If you’re looking for The Amebix of yesteryear, you may end up quite badly disappointed. Personally, I think it’s inspiring that the boys have each allowed their own internal (r)evolutions to be reflected in the sounds they’re now creating.

Some are going to say it’s pretentious bollocks (maybe both the record and what I’ve just written), a waste of good plastic. I say that, in this case, each part’s an essential element of the whole. The aesthete in me approves most fully. And I love playing with words to try and capture how something makes me feel. From where I’m sat, that’s the point and beauty of art. So bollocks to yer bollocks, and bollocks to mine too.

OP’s opinion: Five

Listen to the song and watch the vid on YouTube
Amebix website
Buy from Profane Existence / Easy Action

Burnt Cross – Break The Law Not The Poor 7″

Burnt-Cross-Break-The-Law...-cover
The brothers Marriot show no let up in their output as yet another explosive blast of full-blooded anarcho-punk is committed to vinyl. This time round, they’re busy calling out murdering bastard cops for the scum they are and suggesting a suitable riposte with their stripped-down and powered-up reworking of The Apostles’ ‘Mob Violence’, a venom-filled verbal assault on the rich and their lackey police (and which, along with Conflict’s ‘The Ungovernable Force’, rates as my all-time joint-favourite punk rock song). Rob combines metal-edged fuck-off guitar and bare-knuckle bass with a cleverly-programmed drum machine to produce music that’s steeped in the legacy of the Crass bands without sounding in the least bit hackneyed, while Paul spits out the vocals with a ferocity that’s well-matched to the lyrics.

Burnt Cross labelIt’s all wrapped up in a heavy card sleeve sporting a suitably combative red ‘n’ black (with a bit of white) graphic on the front, a lyric sheet inside, and a label that’s one of the smartest I’ve seen in quite a while.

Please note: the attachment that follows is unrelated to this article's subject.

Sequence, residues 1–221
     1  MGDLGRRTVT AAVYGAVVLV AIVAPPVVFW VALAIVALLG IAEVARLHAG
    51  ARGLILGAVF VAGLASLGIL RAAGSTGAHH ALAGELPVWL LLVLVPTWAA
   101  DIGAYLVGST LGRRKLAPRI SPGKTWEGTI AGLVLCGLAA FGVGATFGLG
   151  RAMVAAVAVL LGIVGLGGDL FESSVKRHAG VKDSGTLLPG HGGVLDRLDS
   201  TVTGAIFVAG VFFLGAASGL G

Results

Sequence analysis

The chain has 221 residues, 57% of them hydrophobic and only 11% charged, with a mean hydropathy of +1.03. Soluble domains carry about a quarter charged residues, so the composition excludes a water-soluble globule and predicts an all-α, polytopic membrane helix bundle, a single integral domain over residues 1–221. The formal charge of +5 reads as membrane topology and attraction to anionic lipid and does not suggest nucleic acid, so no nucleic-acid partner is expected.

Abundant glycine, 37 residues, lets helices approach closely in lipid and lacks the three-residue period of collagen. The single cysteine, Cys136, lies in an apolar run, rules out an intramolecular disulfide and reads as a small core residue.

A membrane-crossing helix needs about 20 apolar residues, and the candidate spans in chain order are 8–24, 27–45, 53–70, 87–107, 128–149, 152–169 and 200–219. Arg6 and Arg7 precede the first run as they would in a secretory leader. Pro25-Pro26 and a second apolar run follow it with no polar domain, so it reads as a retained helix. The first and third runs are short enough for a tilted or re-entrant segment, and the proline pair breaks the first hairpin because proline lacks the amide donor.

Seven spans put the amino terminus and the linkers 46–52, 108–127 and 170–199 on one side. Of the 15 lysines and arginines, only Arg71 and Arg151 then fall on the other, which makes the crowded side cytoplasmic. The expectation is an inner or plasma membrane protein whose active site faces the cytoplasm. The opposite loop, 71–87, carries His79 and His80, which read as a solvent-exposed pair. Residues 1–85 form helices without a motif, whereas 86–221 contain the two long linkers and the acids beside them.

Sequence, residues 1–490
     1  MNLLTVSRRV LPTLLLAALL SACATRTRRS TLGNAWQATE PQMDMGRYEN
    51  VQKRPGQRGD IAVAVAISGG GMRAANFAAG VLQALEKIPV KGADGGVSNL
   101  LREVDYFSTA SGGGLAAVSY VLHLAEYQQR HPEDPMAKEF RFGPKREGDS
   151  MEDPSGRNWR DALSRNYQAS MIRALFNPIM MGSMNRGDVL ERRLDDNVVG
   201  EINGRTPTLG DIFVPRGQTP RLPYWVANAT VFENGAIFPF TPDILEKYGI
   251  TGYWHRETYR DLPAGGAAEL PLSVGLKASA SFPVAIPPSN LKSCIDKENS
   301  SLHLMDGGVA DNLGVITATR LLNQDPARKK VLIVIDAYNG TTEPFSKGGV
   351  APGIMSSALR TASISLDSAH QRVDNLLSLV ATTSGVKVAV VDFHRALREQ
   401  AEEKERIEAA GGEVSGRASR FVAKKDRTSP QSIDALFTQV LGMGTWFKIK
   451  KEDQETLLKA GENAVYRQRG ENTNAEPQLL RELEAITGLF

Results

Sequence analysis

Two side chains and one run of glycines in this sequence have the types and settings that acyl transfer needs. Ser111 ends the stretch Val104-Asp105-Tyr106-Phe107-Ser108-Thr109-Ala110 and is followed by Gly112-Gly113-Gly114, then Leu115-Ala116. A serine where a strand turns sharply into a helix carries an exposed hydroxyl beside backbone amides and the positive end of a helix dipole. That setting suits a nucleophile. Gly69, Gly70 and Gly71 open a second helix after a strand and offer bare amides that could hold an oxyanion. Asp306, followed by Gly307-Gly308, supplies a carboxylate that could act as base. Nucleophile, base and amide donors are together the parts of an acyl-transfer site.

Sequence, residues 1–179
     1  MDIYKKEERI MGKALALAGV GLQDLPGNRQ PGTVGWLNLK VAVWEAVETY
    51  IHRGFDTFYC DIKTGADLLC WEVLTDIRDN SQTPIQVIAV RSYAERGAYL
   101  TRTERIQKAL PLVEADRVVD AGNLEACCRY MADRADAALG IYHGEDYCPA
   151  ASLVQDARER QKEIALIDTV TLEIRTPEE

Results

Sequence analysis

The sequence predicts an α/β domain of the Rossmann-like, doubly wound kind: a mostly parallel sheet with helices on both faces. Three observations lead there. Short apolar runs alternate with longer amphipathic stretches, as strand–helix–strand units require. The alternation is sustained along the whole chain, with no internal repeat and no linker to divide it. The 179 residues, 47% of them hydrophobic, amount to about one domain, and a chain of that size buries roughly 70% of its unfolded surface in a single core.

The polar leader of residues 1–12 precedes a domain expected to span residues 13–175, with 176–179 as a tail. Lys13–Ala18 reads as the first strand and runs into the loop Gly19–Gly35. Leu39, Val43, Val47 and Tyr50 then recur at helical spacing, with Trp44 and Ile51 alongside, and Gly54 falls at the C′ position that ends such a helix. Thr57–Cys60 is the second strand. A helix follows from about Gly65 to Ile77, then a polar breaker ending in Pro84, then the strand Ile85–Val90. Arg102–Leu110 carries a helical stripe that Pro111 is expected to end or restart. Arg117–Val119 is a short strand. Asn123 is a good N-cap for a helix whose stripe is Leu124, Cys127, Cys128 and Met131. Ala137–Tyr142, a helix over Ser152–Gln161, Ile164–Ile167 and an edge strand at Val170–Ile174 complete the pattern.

The record is a co-operative release by ten different labels (Tadpole Records, Lukket Avdeling Records, Loud Punk Records, Opiate Records, Rawby Records, Active Rebellion, Arripurri Records, Schizo, Höhnie Records, Rusty Knife Records), so extra @-punk points to everyone for do-it-together style.

OP’s opinion: Four half

Download sample track – Mob Violence (FLAC)
Burnt Cross Facebook
Buy from Iron Column Records

New Town Kings – M.O.J.O. CD

NTK MOJO cover
Is it just me, or does it seem like every summer brings along a record that’s timed to perfection for the (hopefully) sunshine-filled season? This year, that honour goes to the ten(ish)-strong outfit known as the New Town Kings. This is trad ska with an added kick that actually brings something fresh to the table. This is music for long evenings and longer drinks.

Chris Watts’ voice is spot on, strong and direct with an uplifting energy that’s as refreshing as a cold cider on a hot day. The lyrics are simple without being simple-minded, taking on the daily pressures of everyday life while still keeping a postive edge. Really clean and crisp brass bounces around with joyful abandon, the trumpet and sax capturing that rudeboy unity spirit perfectly. Unmistakable Cuban influences add to the depth of authenticity displayed by the NTKs, as do the smooth low-end bass and Kingston-flavoured keyboard and guitar rhythms. Packaging is in keeping with the look of the era although, given my love for real vinyl, the all-black disc complete with grooved surface on the arty side to resemble an actual record seems a bit weird to me – why not just press some proper ones?

OP’s opinion: Four

For people who also like: The Aggrolites, Prince Buster

Download sample track – Stop! (FLAC)
New Town Kings Facebook
Buy from Bomber Music (released 18th July, a few limited edition pre-orders with t-shirt and poster may still be available)

Copasetics – S/T CDEP

Copasetics EP coverI was kindly sent this 4-track introduction to Copasetics by the band, and I’m glad they thought of me. For a group that’s only been around for a year or so, it’s a great first release that holds promise of more good things to come.